Arcola Theatre, London – until 8 April 2017
“I mean to be a terror to the world.”
I’m fully on board with Yellow Earth Theatre’s objectives of identifying and investing in British East Asian emerging and established actors, writers and directors, so it does pain me a little that their production of Christopher Marlowe’s Tamburlaine didn’t quite do it for me. Director Ng Choon Ping has spun a highly theatrical adaptation out of one of the earliest plays to be considered a public success, but its inventive ambition works against its dramatic effectiveness.
In Moi Tran‘s spare design, a company of six cover more than twenty roles in this compression of the saga of the Central Asian emperor Timur on whose life it is based. And with the design being so minimal, the constant multi-roling becomes dizzying, projected captions not quite doing enough. Additionally, given that five of the six are women, there’s a layer of gender fluidity which is thought-provoking in this extremely masculine world but ultimately under-explored.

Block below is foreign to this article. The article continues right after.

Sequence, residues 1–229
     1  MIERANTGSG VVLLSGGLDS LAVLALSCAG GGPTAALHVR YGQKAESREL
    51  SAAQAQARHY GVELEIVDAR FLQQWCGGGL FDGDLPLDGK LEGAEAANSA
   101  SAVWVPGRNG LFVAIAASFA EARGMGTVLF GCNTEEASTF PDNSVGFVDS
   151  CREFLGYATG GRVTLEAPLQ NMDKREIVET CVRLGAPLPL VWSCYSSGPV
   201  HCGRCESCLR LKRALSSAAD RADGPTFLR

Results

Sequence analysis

Lourdes Faberes‘ Timburlaine is a visceral central presence, full of menace and power but undercutting the barbaric behaviour of a shepherd-turned-warrior who conquered many kingdoms with flashes of humour and tenderness. And Joji Hirota‘s live percussion matches her intensity. But it is all rather bloodless, deaths and suicides are tamely presented and no matter how well the text is spoken, it is dense and intense without ever being truly stirring.